Cork glamping site owners: ‘We’re blessed to be able to share this’

In part three of his series on Cork’s glamping sites, RICHARD GORDON talks to the owners of Top of the Rock, which sits in the stunning countryside in Drimoleague, West Cork
Cork glamping site owners: ‘We’re blessed to be able to share this’

Top of the Rock, Podpáirc and Walking Centre, run by David and Elizabeth Ross.

“THE joy of seeing couples and families spending time together, breathing in the peace and beauty of this wonderful place, in which we are so blessed to be able to live, and to share with others.”

That is what brings smiles to the owners of Top of the Rock, Podpáirc and Walking Centre, in Drimoleague, David and Elizabeth Ross.

We catch up with the owners as we continue our series on some of Cork’s glamping sites.

What was the initial inspiration behind opening the campsite?

In the past, people driving through Drimoleague had no idea of the beautiful scenery that exists to the north of the village.

This all changed in 2008 when nine miles of walkways were put in place with the help of the West Cork Development Partnership.

As people from elsewhere began discovering these new paths, it became obvious that extra accommodation was needed.

Our small farm is situated just north of the village at an ancient place known as the ‘Top of the Rock’, which has a panoramic view of Castledonovan and the Ilen Valley.

The beautiful view, together with the need for a walking centre with accommodation, and the fact that our small farm needed a viable future, all came together to a point where we applied for planning and funding, and we were able to build what you see here today.

One of the pods at Top of the Rock, Podpáirc and Walking Centre.
One of the pods at Top of the Rock, Podpáirc and Walking Centre.

The design of your pods seems particularly unique to your site. What inspired their design?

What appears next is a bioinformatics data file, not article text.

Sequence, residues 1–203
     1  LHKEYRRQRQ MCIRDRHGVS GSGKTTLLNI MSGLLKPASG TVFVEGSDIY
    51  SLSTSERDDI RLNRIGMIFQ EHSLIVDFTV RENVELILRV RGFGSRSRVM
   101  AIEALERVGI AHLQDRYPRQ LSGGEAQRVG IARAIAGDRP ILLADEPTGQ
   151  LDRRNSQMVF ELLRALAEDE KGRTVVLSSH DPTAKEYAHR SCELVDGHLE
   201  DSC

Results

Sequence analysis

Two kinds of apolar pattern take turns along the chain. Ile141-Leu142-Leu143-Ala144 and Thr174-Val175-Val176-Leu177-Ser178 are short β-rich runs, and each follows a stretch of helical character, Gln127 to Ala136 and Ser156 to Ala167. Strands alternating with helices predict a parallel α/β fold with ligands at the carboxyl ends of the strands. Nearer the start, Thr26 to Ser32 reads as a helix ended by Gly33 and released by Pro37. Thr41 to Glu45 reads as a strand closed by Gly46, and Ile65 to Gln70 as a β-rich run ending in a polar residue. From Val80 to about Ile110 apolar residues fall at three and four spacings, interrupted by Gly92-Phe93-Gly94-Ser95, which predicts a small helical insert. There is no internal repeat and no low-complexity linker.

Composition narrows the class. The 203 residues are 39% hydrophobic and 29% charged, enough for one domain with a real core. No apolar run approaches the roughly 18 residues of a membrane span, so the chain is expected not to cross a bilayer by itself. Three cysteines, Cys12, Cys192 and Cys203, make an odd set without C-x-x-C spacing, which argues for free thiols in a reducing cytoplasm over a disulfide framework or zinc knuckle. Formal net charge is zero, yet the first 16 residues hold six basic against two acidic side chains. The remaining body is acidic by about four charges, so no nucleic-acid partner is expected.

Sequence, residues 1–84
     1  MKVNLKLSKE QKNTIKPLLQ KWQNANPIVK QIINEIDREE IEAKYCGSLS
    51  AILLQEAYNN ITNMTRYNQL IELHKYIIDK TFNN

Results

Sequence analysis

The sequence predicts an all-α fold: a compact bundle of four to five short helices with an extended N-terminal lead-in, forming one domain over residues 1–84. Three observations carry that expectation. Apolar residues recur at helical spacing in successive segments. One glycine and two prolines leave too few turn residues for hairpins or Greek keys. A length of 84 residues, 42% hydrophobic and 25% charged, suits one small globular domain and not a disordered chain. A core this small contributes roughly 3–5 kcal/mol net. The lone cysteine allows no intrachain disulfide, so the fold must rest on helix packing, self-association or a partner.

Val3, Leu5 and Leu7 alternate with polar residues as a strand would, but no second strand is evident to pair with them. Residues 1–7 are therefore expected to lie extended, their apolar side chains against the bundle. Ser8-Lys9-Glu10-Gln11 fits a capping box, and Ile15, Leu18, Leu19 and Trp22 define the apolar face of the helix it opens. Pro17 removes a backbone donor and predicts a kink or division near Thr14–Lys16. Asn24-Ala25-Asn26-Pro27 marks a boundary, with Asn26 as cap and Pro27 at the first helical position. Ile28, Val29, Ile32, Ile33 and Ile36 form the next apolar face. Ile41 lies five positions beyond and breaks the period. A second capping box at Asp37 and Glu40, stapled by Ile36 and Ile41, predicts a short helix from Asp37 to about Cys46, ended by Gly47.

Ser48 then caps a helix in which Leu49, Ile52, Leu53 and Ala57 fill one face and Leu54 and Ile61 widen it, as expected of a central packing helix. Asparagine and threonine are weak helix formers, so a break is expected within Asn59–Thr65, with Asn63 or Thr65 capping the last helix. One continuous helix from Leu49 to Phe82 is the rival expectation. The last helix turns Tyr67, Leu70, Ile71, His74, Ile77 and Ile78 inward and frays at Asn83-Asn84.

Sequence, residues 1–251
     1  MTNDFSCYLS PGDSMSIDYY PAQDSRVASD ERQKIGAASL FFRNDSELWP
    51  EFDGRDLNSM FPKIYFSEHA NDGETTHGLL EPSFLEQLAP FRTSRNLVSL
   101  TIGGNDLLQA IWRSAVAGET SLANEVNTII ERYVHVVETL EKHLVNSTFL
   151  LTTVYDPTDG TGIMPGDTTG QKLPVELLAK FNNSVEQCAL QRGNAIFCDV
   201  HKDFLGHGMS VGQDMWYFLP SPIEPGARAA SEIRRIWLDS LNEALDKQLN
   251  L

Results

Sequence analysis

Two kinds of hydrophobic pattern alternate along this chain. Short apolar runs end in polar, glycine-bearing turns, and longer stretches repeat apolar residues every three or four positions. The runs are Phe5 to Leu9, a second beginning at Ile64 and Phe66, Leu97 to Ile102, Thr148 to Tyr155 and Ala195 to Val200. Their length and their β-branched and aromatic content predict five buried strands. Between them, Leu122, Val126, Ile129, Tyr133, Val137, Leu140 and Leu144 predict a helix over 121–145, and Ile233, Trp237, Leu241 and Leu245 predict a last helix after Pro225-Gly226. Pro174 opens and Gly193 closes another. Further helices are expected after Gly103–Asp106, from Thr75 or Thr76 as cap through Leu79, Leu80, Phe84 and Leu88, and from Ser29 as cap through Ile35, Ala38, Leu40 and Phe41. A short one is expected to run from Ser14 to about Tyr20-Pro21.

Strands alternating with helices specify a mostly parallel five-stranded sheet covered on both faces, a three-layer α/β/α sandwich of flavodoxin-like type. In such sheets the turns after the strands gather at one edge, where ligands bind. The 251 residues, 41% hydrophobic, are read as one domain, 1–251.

These pods were inspired by the shape of the Gallarus Oratory and were built in County Kerry. They really resonate with our landscape, and convey the sense of shelter, simplicity and earthiness. Ironically, the Irish name for Drimoleague, Drom Dáimh Liag, points to the existence of a beehive cell church structure in this townland in the 7th century, so it’s like history repeating itself!

How is it operating a farm and a campsite and how do they intertwine?

It’s a small farm that’s full of life and variety with 30 suckler cows, each bearing a calf every year. There are six ewes with lambs, and about as many goats with kids.

This, together with ducks, bantams, doves, a donkey, and our wonderful dog Daisy, makes for an environment that’s full of surprises, new life and the wonder of God’s creation. 

The campsite is simply our way of sharing our farm with everyone who comes to stay here.

The stunning views at Top of the Rock, Podpáirc and Walking Centre.
The stunning views at Top of the Rock, Podpáirc and Walking Centre.

How is it having an endless array of new faces and families filing through your home all the time?

Well, it’s certainly interesting. About 60% are people from Cork city and county, so it’s nice getting to know our neighbours! The rest are from all parts of Ireland and beyond. We have had families from Russia, Sweden, Chile, New Zealand, and of course many from the USA and the continent. 

At least two-thirds of our guests on any given day are return visitors, so we build up a relationship with these families over the years and they become long-term friends.

Describe a day in your life during peak season at your Pod Páirc.

David starts off at 7am cleaning bathrooms and communal areas. At 7.30am, Elizabeth bakes two ovens full of scones and presents her breakfast bags with fresh coffee at reception.

At 10am, David starts off the Farmhands Tour, with Daisy taking the lead. Children, accompanied by parents, get to bottle-feed the lambs, gather the eggs, milk the cows, explore the bale maze, enjoy a hayride and hear the story of the farm… it’s all about fun and learning, with a Farmhands Certificate at the end.

At noon, the turnover begins for the next arrival of guests.

From 3.30pm, Elizabeth, and Joanna, our daughter, welcome our new guests, and then there’s time for a bit of a rest!

At 6.30pm, David does the feeding of the farm animals, followed by the lighting of the communal campfire where children toast marshmallows and families enjoy a chat around the fire.

By 10.30pm, we are trying to encourage everyone to go to their pods and get some sleep! It’s a busy day!

If you could describe the spirit of your campsite/land in one sentence, what would it be?

Whatever St Finbarr brought here in the 5th century is still felt today… peace and calm!

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